Feds tackle shortfall in apprentices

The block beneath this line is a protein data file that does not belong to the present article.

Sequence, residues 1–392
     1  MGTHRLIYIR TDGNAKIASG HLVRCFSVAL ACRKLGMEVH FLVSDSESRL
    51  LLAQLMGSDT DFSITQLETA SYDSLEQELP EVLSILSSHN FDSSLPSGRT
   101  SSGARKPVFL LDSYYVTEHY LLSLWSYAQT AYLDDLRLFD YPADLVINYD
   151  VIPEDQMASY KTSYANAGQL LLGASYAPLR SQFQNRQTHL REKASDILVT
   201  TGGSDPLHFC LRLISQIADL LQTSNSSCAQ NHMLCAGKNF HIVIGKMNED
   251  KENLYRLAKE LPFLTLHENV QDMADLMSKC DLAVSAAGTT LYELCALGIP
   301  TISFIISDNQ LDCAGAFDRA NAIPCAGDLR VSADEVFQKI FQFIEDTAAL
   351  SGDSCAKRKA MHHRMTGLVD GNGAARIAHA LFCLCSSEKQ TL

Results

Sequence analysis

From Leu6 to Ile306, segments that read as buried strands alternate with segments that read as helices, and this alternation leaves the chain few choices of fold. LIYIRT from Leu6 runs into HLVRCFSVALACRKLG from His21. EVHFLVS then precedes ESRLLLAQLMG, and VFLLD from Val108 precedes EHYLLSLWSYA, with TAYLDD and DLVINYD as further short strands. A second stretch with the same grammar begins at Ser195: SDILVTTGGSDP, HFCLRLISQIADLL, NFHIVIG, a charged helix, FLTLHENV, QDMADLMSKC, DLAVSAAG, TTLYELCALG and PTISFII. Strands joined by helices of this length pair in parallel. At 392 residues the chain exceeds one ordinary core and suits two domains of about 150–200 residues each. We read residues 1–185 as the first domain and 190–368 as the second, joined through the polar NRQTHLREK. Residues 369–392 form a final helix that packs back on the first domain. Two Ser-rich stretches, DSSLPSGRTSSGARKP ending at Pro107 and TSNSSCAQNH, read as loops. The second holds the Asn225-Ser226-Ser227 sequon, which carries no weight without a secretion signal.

On Friday Deputy Prime Minister Julia Gillard announced the new Apprentice Kickstart program, which will support up to 21,000 young Australians entering traditional trades this summer.“The government’s Apprentice Kickstart will more than triple the first year bonus paid to employers who take on traditional trades apprentices this summer,” Gillard said.“We’re boosting the commencement bonus from $1500 to $2350 and then following up with another $2500 at nine months which means employers will now receive $4850 in the first year for taking on a traditional trade apprentice over the summer.”The program will be paid for as part of funding secured by both the Greens and Family First Senator Steve Fielding as part of the government’s economic stimulus package.The new apprentices will also be among the first to undertake mandatory green skills as part of their training.Minister for Employment Participation Mark Arbib said in the past year traditional trades apprentice starts had dropped by about 10,000.“We know that in the 1990s, apprentice commencements took a decade to bounce back to pre-recession levels,” he said.“That created a skills shortage that held Australia back and we don’t want history to repeat itself.“This bonus will fast-forward hiring decisions to bring apprentice numbers up to levels before the global recession. We need to prepare now for when the Australian economy recovers.”The Apprentice Kickstart program has been welcomed by the Australian Industry Group, Master Builders Australia (MBA), the Australian Constructors Association (ACA) and the Australian Apprentices Taskforce.Ai Group chief executive Heather Ridout said the increase to employer incentives will be a major boost to the confidence and capacity of employers to take on young people.“This is particularly timely action as we are entering the main recruitment period for school leavers to commence as apprentices in 2010,” she said. MBA chief executive Wilhelm Harnisch said there was currently a shortfall of nearly 5000 building apprentice commencements.“The government’s Apprentice Kickstart program is strongly supported because of its focus on encouraging employers to take on younger building apprentices during the current soft conditions in the building and construction industry, and its forward-looking focus on green skills,” he said. ACA president Wal King said the initiative would prevent the mistakes of past downturns from being repeated.“A healthy Australian economy is reliant on a strong skills base,” he said. The new incentives will be available to all employers who take on an apprentice aged 15-19 years between December 1, 2009, and February 28, 2010, or until 21,000 apprentices have begun in trades hardest hit by skills shortages.This includes butchers, bakers, bricklayers, carpenters, electricians, hairdressers and pastry cooks.

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